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Megan cannella

but the thing is




     I can only listen to the Yonder Mountain String Band version of “No Rain,” because once you told everyone in the bar that I was the little girl in the bumble bee costume in the Blind Melon “No Rain” video. I don’t remember the first time you said this. But I remember the second time. I always wonder if there really was a first time or if you were fucking with me because you could. Because I always wanted to believe in you. Fake it til you make it, amirite? Now, that song reminds me of a version of you we always wished you actually were. 


     That would have been easier for both of us. 


     Even though we haven’t talked to each other in years and haven’t seen each other in even longer, I almost answer when you call me at 5 am on a workday. Instead, I lay in bed and stare at the glow of your name displayed on my phone. You were my friend longer than you were my rapist. We were us for years—the kind of more than friends but less than lovers vibe that was equally obnoxious and endearing to everyone around us. We had a riff and a rhythm and a shtick that seemed to be built into our bones. It’s probably still there. It is still there.


     I tried to be friends with you after you held me down and made me bleed. Honest to god, it must have been a miscommunication. If we could have just talked about it, I was so sure you’d apologize and love me just as you always had. Part of me still thinks that whenever I smell someone who smells like my body remembers you smelling. We would have been able to move on. 


     But the thing is, you never could say you held me down and made me bleed. 


     But the thing is, I remember you wiping my blood off of your body as you looked out the window, that night sky casting shadows everywhere but on us. I remember you tossing the wash cloth smeared with blood and cum and sweat on the window sill because...what? You couldn’t manage to rinse it all away and hang the damp washcloth in the bathroom like a goddamn human? I had to know it happened. You had to be able to toss it away.


     Your name is still glowing on my phone. That memory is never too far away. The recall is instant. I am reminding myself of all these details and all the other ones that I don’t talk about to keep myself from answering this call.


     But the thing is, I also remember all the times we fucked after that night. Sure, the first time, I pushed you away and started to cry. We didn’t talk about that.


     But the thing is, I remember all the other times you felt like home. I remember the way you’d grab my arm and use it as a microphone anytime Michael Jackson came on. I remember when you microphoned me to “Man in the Mirror.” 


     That song makes me cry now. 


      I wonder if Yonder Mountain String Band does a cover of it.


     When my phone stops glowing your name, I use it to google you, and then to look up obits and commitment reports in the city we used to be in together.


      Your mom died.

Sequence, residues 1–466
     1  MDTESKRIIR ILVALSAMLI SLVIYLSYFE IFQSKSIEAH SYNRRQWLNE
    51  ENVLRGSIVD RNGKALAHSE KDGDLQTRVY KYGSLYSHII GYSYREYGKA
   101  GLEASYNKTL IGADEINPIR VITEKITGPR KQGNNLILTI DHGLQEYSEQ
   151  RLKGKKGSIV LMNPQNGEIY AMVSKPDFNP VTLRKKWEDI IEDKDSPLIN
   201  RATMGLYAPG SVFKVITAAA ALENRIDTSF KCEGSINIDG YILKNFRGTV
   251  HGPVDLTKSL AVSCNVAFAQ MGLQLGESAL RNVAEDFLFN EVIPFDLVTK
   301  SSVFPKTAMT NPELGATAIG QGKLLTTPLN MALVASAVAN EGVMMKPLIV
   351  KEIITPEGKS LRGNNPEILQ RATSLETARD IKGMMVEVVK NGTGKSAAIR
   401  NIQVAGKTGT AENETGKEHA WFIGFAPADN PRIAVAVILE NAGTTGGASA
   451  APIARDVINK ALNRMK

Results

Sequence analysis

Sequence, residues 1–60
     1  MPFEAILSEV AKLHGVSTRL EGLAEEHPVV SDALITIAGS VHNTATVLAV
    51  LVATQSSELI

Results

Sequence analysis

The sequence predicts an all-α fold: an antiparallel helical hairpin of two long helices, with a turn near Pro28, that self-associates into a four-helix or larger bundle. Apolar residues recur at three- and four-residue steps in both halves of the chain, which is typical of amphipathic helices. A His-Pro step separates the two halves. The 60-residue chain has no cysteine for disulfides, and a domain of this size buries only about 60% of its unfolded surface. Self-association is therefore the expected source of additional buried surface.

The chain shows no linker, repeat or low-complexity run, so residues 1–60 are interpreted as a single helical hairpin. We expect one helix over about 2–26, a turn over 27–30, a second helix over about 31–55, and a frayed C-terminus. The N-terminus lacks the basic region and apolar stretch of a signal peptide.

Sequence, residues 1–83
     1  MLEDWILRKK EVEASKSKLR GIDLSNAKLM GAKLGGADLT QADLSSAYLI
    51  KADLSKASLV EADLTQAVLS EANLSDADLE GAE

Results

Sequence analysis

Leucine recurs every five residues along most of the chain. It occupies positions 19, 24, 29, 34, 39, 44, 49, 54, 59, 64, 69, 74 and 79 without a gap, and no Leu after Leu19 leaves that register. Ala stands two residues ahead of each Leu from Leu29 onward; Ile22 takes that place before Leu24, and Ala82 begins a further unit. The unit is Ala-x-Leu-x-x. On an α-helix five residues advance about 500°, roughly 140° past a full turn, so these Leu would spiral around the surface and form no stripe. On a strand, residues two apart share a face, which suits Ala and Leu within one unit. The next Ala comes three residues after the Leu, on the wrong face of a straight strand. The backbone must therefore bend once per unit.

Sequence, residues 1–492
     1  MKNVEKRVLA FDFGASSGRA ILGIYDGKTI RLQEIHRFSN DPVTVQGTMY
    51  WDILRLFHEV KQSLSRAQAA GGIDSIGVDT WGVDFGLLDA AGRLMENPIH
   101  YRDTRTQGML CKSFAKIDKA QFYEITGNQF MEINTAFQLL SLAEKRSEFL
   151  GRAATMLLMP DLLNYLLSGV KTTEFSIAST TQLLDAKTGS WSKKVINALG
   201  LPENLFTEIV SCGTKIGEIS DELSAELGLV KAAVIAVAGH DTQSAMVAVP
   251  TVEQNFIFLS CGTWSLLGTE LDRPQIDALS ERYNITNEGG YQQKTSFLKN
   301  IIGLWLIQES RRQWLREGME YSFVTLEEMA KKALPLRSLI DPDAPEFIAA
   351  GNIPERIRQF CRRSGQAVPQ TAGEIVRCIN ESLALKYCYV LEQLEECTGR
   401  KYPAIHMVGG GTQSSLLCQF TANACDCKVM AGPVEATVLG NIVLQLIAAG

I call you back before I can stop myself.


     You don’t answer.


     Of course.


     You didn’t actually need me. You just needed someone to feel as bad as you do. You know how much I love you. I bet you remembered my dead dad and thought that made it ok for you to call. That I would extend you some sort of dead parent pass, some recently-orphaned, discount entry back into my life. 


     But the thing is, “has dead parent” and “rapist” are not mutually exclusive. They exist together now in your middle-aged body. A body I know as well as my own. A body I can still taste when my beer is just warm enough. A body I can’t allow to come near my body anymore. Even if it is only over the phone. Even if I know your body is 2,000 miles away. Even if I know my body is safe now.


     I’m glad you didn’t answer. I would have cut you all the breaks, and we’d slip into us—or whatever that would look like now: older everywhere; softer here; harder there; deflated in the places we can’t bring ourselves to look. You knew that when you called. You knew that when I called back. You knew that when you watched my name light up your phone. You knew that when you watched your phone go dark again.


     I’m going to think about you all morning and more frequently and fondly than usual for the next few weeks. Then, I will notice my shoulders soften, though I won’t have realized how tense they had been. Your birthday is coming up. It is going to be hard not to text you about it. I will type the message a hundred times. Because I love you. But the thing is, I can’t send you joy anymore, so I will delete it each time. 


     I still text to say I’m so sorry about your mom though.


     You haven’t responded, so I’m going to get out of bed and brush my teeth.

17 February, 2021

Megan Cannella (she/her) is a Midwestern transplant currently living in Nevada. Her debut chapbook, Confrontational Crotch and Other Real Housewives Musings, is out now. She is an editor at Versification. You can find Megan on Twitter at @megancannella.

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